I downloaded the manual from LG UK before buying and it said L246WH on the front cover. The box said L246WHX and the manual on the CD with it says L246WH/WHX on the cover - so not the same as the on-line one (at the time of writing in mid-May 09). Ever curious, I wondered why. There are separate specifications listed for the WH and WHX. I could not, despite trying, see the difference until I actually printed the two pages out and held them to the light (I'm sad like that). The answer, for the real cognoscenti amongst you, is that the L246WH weighs 9.6kg (21.16lbs) and the L246WHX weighs 9.57kg (21.10 lbs). The reason why remains a mystery. Don't worry about it!


Descent into Chaos: How the War Against Islamic Extremism is Being Lost in Pakistan, Afghanistan and Central Asia
Descent into Chaos: How the War Against Islamic Extremism is Being Lost in Pakistan, Afghanistan and Central Asia
by Ahmed Rashid
Edition: Hardcover

0 of 2 people found the following review helpful
5.0 out of 5 stars Enlightening, 23 April 2009
The other reviews explain the book adequately. It is a major contribution to understanding this vital area. The point of it is not that you have to agree with everything but that it is enlightening, stimulating and provides a viewpoint.

The main section is 404 pages divided into four parts. An additional 22 page introduction is outstanding and should not be skipped. It is odd that Kashmir is not really discussed and is not even indexed.

It is well written but detailed. Given the time to work through the detail the whole is well worth the effort but I have recommended to several busy people that they read the introduction and part 4 only, rather than not read it at all.


What Next?: Surviving the Twenty-first Century
What Next?: Surviving the Twenty-first Century
by Chris Patten
Edition: Hardcover

4 of 6 people found the following review helpful
3.0 out of 5 stars Could do better, 23 April 2009
I am a great fan of Chris Patten and much enjoyed "Not quite the diplomat". This book does not match it. The puzzle is: why?

It was a good concept to review the challenges facing our world. The issues covered include: climate; crime; drugs; energy; epidemics; food; free trade; globalisation; migration; water; and weapons. What is more, there are many interesting and useful facts about each. In fact at times it is like reading an encyclopaedia but without the ability to easily return to the facts.

I think the problem lies in poor structure and excessive length. At 448 main pages it could have been 200 fewer and the better for it.

It is a stimulating read but harder going than it need be. Maybe it is because I read it sandwiched between two much better books (Descent into Chaos and Bottom Billion) that I reluctantly only award it 3 stars.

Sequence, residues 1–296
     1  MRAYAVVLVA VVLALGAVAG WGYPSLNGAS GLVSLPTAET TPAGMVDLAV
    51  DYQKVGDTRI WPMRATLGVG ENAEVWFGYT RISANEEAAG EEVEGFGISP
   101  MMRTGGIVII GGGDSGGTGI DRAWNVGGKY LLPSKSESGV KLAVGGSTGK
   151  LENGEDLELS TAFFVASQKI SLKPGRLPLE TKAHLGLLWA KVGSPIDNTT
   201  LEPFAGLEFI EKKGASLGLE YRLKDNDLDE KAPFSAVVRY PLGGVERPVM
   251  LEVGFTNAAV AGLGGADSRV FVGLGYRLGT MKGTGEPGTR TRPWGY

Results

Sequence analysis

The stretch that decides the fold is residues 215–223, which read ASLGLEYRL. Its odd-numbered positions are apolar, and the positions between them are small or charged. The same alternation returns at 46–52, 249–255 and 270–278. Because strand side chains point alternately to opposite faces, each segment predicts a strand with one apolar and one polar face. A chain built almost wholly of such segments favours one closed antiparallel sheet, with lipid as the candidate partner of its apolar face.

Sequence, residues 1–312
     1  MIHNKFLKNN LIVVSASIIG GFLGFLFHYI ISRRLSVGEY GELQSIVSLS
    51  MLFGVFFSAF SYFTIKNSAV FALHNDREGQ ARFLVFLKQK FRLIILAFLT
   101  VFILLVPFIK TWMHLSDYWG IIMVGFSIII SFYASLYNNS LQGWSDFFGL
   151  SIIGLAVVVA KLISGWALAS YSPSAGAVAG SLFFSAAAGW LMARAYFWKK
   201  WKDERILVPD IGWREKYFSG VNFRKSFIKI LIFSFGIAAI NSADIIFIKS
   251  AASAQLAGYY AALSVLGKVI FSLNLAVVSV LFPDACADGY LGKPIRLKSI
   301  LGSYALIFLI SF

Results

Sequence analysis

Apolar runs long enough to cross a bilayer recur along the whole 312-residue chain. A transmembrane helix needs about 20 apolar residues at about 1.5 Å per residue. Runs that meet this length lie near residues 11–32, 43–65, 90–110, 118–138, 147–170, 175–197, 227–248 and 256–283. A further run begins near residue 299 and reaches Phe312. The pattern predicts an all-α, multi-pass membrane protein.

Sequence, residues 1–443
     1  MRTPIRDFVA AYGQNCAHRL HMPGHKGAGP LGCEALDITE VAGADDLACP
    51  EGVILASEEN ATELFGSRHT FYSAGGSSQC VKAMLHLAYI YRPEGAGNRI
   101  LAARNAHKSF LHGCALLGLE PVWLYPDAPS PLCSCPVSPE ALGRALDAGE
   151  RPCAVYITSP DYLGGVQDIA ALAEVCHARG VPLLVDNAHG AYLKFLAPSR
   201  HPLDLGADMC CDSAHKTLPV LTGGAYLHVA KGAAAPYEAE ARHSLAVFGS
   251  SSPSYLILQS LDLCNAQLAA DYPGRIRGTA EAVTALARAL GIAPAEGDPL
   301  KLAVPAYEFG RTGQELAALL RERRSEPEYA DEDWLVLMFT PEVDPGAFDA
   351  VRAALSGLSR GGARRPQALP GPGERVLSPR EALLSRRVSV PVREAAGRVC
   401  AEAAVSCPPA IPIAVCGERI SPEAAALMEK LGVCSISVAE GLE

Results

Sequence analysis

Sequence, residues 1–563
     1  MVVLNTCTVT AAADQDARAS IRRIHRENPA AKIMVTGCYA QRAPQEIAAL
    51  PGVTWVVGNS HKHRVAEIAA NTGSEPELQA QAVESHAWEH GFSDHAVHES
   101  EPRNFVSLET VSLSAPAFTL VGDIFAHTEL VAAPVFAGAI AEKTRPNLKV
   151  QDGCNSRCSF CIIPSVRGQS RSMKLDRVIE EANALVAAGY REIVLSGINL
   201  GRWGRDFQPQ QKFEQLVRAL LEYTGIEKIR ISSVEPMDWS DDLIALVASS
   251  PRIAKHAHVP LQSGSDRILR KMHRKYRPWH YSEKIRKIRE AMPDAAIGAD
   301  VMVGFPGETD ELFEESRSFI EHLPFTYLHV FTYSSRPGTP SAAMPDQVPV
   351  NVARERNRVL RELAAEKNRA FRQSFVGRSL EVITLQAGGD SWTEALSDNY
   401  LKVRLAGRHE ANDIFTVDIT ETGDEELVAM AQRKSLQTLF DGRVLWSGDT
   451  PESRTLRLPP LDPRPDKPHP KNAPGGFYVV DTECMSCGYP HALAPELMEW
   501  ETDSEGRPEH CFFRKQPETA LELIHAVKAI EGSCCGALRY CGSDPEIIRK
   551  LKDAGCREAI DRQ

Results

The Bottom Billion: Why the Poorest Countries are Failing and What Can Be Done About It
The Bottom Billion: Why the Poorest Countries are Failing and What Can Be Done About It
by Paul Collier
Edition: Paperback
Price: £6.81

3 of 3 people found the following review helpful
5.0 out of 5 stars Rightly famous - countries listed in the sequel, 22 April 2009
This book is famous and rightly so. It is outstanding for its rigorous academic analysis and for the way it draws its conclusions. As a previous participant in Interrnational standard setting (albeit in telecommunications) I particularly warmed to the proposals for the development of Charters. This is painstaking, and sometimes painful, work but repays the effort: we should lobby our politicians to support this approach.

The other reviews deal with this book adequately. My main comment is for readers and potential purchasers who, like me, are interested in exactly which countries are included in the bottom billion. The information is to be found in an appendix of the sequel, which is as good if not better and called "Wars, Guns & Votes".


Wars, Guns and Votes: Democracy in Dangerous Places
Wars, Guns and Votes: Democracy in Dangerous Places
by Paul Collier
Edition: Hardcover

28 of 31 people found the following review helpful
5.0 out of 5 stars Even beter than the Bottom Billion?, 22 April 2009
I came late to the Bottom Billion and by the time I had finished it this sequel had just arrived. I got it straight away. It follows the same approach of using rigorous academic analysis and then drawing conclusions and action plans.